until such arbitration has been had in accordance with the terms of the agreement,
providing the applicant for the stay is not in default in proceeding with such
Williams v. Cigna Fin. Advisors, Inc., 56 F.3d 656, 659 (5th Cir.
1995) (quoting 9 U.S.C. § 3). “If a dispute is subject to mandatory . . . arbitration
procedures, then the proper course of action is usually to stay the proceedings
Ruiz v. Donahoe, 784 F.3d 247, 249 (5th Cir. 2015).
“However, a dismissal may be appropriate ‘when all of the issues raised in
the district court must be submitted to arbitration.’” Id. at 249-50 (quoting Alford
v. Dean Witter Reynolds, Inc., 975 F.2d 1161, 1164 (5th Cir. 1992)); see also Adam
Techs. Int’l S.A. de C.V. v. Sutherland Glob. Servs., Inc., 729 F.3d 443, 447 n.1 (5th
Cir. 2013) (“Although Section 3 of the Federal Arbitration Act directs district courts
to stay pending arbitration, we are bound by our precedent which states that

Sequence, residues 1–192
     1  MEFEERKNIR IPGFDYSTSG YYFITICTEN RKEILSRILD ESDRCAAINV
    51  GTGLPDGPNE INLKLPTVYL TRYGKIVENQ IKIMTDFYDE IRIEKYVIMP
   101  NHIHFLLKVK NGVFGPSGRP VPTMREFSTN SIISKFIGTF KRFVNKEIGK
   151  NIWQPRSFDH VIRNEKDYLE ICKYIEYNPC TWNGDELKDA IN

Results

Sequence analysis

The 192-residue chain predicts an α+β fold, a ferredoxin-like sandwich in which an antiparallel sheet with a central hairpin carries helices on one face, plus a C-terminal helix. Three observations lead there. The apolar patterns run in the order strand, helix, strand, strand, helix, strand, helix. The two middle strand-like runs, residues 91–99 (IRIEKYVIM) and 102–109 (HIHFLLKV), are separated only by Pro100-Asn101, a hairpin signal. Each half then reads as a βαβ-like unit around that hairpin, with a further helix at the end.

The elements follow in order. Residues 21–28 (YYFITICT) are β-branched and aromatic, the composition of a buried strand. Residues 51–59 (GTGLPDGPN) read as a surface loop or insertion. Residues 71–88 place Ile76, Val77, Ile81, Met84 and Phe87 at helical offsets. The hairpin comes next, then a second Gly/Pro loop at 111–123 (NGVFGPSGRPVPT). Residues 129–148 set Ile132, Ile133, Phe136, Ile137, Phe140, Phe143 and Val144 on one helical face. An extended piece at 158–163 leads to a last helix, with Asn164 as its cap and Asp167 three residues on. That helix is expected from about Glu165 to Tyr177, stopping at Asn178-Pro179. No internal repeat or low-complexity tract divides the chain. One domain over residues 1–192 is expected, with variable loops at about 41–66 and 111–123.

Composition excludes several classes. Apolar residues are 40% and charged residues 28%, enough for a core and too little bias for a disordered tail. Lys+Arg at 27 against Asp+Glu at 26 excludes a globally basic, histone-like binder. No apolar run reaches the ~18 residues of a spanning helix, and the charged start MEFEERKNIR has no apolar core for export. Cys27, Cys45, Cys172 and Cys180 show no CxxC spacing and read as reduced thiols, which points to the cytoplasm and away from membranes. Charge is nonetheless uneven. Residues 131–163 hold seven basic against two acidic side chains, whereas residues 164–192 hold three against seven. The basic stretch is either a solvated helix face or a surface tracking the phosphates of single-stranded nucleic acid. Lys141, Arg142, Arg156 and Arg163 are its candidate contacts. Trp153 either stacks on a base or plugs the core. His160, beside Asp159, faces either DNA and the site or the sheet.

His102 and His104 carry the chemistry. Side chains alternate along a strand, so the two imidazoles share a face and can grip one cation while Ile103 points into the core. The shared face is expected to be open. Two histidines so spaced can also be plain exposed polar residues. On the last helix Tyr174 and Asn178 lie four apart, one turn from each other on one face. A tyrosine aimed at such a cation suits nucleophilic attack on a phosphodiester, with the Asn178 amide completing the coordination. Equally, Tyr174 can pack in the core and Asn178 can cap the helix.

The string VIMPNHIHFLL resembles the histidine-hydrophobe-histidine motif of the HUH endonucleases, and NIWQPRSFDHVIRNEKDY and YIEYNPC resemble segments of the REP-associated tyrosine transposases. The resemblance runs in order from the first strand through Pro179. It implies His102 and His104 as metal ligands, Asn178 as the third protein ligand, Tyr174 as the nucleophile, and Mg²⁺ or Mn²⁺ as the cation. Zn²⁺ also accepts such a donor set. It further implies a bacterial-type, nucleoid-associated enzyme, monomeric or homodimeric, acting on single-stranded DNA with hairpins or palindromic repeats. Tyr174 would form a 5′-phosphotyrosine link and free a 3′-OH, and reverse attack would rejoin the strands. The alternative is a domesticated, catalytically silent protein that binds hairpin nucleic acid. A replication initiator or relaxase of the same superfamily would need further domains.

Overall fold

dismissal is appropriate ‘when all of the issues raised in the district court must be
submitted to arbitration.’”) (quoting Alford, 975 F.2d at 1164).
All of the issues raised in the Complaint are subject to binding arbitration.
Accordingly, the Court will dismiss this case rather than stay it.
To the extent the Court has not addressed any of the parties’ arguments, it
has considered them and determined that they would not alter the result.
National Truck Funding, LLC’s Motion  to Compel Arbitration will be granted,
and the parties will be ordered to submit the disputed matter to arbitration.
case will be dismissed.
IT IS, THEREFORE, ORDERED AND ADJUDGED that, the Motion 
to Compel Arbitration or, Alternatively, Rule 12(b)(6) Motion to Dismiss for Failure
to State a Claim upon Which Relief Can Be Granted filed by Defendant National
Truck Funding, LLC, is GRANTED, and the parties are ordered to submit the
disputed matter to arbitration.
IT IS, FURTHER ORDERED AND ADJUDGED that, this case is
SO ORDERED AND ADJUDGED, this the 22nd day of March, 2017.
s/ Halil Suleyman Ozerden
HALIL SULEYMAN OZERDEN
UNITED STATES DISTRICT JUDGE